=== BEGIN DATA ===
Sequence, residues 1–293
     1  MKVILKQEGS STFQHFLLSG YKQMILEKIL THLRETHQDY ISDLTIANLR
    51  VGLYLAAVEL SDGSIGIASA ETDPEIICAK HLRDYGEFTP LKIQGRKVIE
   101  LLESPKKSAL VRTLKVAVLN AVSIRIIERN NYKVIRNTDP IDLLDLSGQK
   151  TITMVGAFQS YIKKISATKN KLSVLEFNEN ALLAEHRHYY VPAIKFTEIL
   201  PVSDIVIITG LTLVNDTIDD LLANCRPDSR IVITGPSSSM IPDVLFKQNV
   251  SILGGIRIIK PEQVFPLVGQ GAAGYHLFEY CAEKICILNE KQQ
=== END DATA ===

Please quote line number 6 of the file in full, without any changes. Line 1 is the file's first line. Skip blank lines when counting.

   201  PVSDIVIITG LTLVNDTIDD LLANCRPDSR IVITGPSSSM IPDVLFKQNV